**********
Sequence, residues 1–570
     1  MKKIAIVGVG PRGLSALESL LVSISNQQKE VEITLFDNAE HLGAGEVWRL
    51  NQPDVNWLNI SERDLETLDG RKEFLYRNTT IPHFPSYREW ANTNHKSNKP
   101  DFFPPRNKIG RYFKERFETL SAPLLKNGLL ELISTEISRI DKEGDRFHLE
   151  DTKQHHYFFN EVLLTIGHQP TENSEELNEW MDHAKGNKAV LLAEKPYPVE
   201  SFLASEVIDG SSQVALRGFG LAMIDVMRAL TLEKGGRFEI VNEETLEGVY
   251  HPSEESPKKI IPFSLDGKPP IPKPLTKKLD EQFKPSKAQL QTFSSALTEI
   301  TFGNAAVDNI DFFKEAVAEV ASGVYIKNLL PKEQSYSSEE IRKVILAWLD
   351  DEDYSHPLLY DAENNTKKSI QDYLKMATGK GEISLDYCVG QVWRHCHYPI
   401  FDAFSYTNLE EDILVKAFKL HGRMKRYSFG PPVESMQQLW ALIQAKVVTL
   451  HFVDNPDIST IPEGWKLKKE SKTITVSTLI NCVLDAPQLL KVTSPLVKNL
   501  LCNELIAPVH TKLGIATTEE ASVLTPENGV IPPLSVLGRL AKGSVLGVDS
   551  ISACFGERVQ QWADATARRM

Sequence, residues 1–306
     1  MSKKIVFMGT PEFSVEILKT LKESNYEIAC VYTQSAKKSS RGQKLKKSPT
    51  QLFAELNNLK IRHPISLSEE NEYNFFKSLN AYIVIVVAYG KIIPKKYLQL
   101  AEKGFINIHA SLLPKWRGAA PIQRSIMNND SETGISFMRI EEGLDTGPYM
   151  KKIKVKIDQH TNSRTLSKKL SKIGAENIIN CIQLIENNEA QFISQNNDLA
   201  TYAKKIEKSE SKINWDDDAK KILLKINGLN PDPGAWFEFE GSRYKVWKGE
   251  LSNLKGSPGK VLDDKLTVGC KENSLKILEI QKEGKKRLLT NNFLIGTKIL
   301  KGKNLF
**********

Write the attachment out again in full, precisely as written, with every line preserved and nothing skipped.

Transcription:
Sequence, residues 1–570
     1  MKKIAIVGVG PRGLSALESL LVSISNQQKE VEITLFDNAE HLGAGEVWRL
    51  NQPDVNWLNI SERDLETLDG RKEFLYRNTT IPHFPSYREW ANTNHKSNKP
   101  DFFPPRNKIG RYFKERFETL SAPLLKNGLL ELISTEISRI DKEGDRFHLE
   151  DTKQHHYFFN EVLLTIGHQP TENSEELNEW MDHAKGNKAV LLAEKPYPVE
   201  SFLASEVIDG SSQVALRGFG LAMIDVMRAL TLEKGGRFEI VNEETLEGVY
   251  HPSEESPKKI IPFSLDGKPP IPKPLTKKLD EQFKPSKAQL QTFSSALTEI
   301  TFGNAAVDNI DFFKEAVAEV ASGVYIKNLL PKEQSYSSEE IRKVILAWLD
   351  DEDYSHPLLY DAENNTKKSI QDYLKMATGK GEISLDYCVG QVWRHCHYPI
   401  FDAFSYTNLE EDILVKAFKL HGRMKRYSFG PPVESMQQLW ALIQAKVVTL
   451  HFVDNPDIST IPEGWKLKKE SKTITVSTLI NCVLDAPQLL KVTSPLVKNL
   501  LCNELIAPVH TKLGIATTEE ASVLTPENGV IPPLSVLGRL AKGSVLGVDS
   551  ISACFGERVQ QWADATARRM

Sequence, residues 1–306
     1  MSKKIVFMGT PEFSVEILKT LKESNYEIAC VYTQSAKKSS RGQKLKKSPT
    51  QLFAELNNLK IRHPISLSEE NEYNFFKSLN AYIVIVVAYG KIIPKKYLQL
   101  AEKGFINIHA SLLPKWRGAA PIQRSIMNND SETGISFMRI EEGLDTGPYM
   151  KKIKVKIDQH TNSRTLSKKL SKIGAENIIN CIQLIENNEA QFISQNNDLA
   201  TYAKKIEKSE SKINWDDDAK KILLKINGLN PDPGAWFEFE GSRYKVWKGE
   251  LSNLKGSPGK VLDDKLTVGC KENSLKILEI QKEGKKRLLT NNFLIGTKIL
   301  KGKNLF